Caring for our ‘sickest children’

HANAMAULU — Lani Nagao’s brother overcame a history of drug addiction.

He didn’t do it alone.

“Today, a lawyer shared her story of helping a man who was in a drug treatment program who was sent off to the detention center. She saw him eight years ago, and this young man was his own business owner, and was fostering children in his home,” Nagao said Wednesday. “This man was my brother. Yes, my brother was an addict. But he has made a change.”

That change wouldn’t have been possible if he didn’t get help, Nagao said in the cafeteria of King Kaumuali’i School.

Nagao, who works at the McKenna Recovery center, hopes the Adolescent Treatment & Healing Center to be built in Hanamaulu will give other Kauai keiki struggling with drug addiction the tools they need to turn their lives around.

“You will be taking care of, with the rest of Kauai, the sickest children,” she said.

On Thursday, ATHC officials presented updates on the center during the Hanamaulu Community Association meeting. About 30 people attended.

Once completed, the center will offer residential treatment, day treatment, intensive outpatient and outpatient treatment programs to kids between the ages of 12 and 17, said Theresa Koki, coordinator for Life’s Choices Kauai.

Currently, kids in drug treatment programs are taken to Oahu. By opening a center on Kauai, the children will be able to remain on their own island and close to their families, she said.

The campus will boast eight beds, a garden, basketball court, classroom buildings, kitchen and an assessment center.

A teacher and counselor will also be on site, Koki added.

“It’s been 10 years since Mayor Bryan Baptiste had this vision and proposed the Adolescent Treatment Center in Hanapepe. He was met with opposition, and it didn’t happen,” Koki said. “We were very fortunate Mayor (Bernard) Carvalho was by his side at the time, and supported the Holo Holo 2020 vision.”

Earlier this year, the Kauai Council voted 6-1 for a resolution to show their support of the center, and submitted a $5 million Capital Improvement Project request to the Legislature. The request, which will be used for construction and site improvements, was approved on April 29.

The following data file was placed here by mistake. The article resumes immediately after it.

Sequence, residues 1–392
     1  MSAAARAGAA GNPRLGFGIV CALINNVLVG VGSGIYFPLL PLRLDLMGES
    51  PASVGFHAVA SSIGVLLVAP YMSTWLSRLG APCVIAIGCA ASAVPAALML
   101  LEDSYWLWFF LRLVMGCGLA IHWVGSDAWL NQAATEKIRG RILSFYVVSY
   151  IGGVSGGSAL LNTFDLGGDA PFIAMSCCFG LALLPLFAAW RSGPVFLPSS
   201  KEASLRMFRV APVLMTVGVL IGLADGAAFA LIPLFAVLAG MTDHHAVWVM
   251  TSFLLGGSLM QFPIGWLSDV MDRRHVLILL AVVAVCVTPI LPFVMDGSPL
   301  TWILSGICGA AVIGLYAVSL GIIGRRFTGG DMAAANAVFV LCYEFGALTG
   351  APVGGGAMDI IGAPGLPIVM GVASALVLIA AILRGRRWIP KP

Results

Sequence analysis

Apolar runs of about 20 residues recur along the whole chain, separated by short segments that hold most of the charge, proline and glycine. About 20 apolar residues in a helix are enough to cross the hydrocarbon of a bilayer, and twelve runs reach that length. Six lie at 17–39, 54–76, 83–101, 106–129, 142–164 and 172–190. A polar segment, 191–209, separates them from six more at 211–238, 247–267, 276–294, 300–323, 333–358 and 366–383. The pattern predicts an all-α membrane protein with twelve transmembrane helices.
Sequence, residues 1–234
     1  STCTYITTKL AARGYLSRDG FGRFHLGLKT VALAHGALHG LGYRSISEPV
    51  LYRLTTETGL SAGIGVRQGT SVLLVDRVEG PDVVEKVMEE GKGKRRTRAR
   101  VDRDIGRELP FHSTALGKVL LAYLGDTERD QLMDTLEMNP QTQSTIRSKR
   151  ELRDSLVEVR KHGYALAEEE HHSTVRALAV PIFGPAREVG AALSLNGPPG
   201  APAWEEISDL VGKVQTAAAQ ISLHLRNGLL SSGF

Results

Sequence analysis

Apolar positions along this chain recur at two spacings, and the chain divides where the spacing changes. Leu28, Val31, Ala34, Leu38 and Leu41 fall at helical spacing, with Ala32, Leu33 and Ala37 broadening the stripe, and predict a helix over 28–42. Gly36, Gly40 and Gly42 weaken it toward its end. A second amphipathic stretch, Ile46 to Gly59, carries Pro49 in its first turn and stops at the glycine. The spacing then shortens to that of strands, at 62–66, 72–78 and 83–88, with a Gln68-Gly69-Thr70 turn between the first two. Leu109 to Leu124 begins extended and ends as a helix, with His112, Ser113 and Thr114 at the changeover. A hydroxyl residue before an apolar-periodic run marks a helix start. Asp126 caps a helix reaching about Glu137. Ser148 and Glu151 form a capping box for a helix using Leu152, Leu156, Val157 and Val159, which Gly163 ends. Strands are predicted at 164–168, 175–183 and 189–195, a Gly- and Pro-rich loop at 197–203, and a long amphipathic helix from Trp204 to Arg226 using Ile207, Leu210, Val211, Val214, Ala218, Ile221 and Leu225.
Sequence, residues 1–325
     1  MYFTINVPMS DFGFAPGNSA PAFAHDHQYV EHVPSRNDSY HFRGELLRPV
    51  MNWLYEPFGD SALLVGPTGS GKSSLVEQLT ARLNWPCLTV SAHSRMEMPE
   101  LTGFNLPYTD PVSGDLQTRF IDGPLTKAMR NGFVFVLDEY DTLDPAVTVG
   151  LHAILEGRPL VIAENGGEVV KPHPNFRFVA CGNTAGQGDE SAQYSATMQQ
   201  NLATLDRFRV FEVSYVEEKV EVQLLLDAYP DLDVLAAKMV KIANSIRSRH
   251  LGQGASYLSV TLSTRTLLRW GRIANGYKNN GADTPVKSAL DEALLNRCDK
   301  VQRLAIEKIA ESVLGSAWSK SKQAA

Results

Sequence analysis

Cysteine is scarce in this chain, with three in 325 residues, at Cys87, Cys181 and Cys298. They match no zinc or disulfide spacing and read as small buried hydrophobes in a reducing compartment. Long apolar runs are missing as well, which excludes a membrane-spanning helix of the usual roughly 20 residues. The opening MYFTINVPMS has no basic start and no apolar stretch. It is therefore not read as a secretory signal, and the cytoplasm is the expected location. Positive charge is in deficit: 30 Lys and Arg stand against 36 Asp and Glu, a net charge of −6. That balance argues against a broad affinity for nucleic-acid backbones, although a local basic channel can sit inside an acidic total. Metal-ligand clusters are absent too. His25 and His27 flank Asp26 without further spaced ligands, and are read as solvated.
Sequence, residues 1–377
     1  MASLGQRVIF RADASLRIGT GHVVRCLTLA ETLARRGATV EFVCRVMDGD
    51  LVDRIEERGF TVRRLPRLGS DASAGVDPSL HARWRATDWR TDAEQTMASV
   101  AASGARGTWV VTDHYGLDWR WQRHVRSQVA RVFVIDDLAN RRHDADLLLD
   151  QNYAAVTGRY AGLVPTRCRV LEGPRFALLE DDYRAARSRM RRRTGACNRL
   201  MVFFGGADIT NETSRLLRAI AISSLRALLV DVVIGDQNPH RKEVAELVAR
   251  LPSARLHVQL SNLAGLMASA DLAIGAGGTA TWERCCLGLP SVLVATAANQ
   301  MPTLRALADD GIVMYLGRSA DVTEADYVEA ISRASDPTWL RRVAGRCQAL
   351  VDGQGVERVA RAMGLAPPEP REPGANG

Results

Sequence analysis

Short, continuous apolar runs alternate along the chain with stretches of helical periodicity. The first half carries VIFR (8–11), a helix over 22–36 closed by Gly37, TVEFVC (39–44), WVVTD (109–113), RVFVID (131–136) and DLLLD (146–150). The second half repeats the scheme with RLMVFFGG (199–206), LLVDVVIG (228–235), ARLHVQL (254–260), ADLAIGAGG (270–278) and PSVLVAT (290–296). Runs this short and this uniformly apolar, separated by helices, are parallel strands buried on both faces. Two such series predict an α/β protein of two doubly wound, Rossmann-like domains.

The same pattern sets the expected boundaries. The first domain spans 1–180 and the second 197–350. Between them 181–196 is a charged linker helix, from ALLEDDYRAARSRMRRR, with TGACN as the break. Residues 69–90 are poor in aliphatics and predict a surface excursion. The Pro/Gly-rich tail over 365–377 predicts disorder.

The next step for the center is to conduct an environmental assessment and get building permits, said John Ventura, an architect with Marc Ventura, LLC.

The one-story center will take the style of plantation cottages, he said.

“It’s a small site to serve the young people who are falling through the cracks,” Ventura said.

During the meeting, some residents asked about security.

While there are not set security measures in place, security cameras will be installed and poplice will patrol at night, Koki said. She emphasized the center will not be a correctional facility. There are two youth correctional facilities on Oahu.

”The hard-core offenders are going to go there,” she said. “We’re going to take kids who suffer from substance abuse or have mental health disorders.”

Chief Darryl Perry said the department will work with ATHC staff.

“Our goal is prevention,” Perry said. “We understand there’s this fear aspect that the kids we’re treating are violent individuals. But the statistics show they are not.”

The center is important to law enforcement because police often have to arrest people who were not helped as kids, and run into trouble with the law later in life, Perry said.

“There was no one for them. So we, as law enforcement, have to deal with the issues,” Perry said. “We want to catch these individuals when they are young to prevent them from going into the drug scene.”

A groundbreaking date is not yet known, but Kirkpatrick hopes to start the permitting process in 2017.

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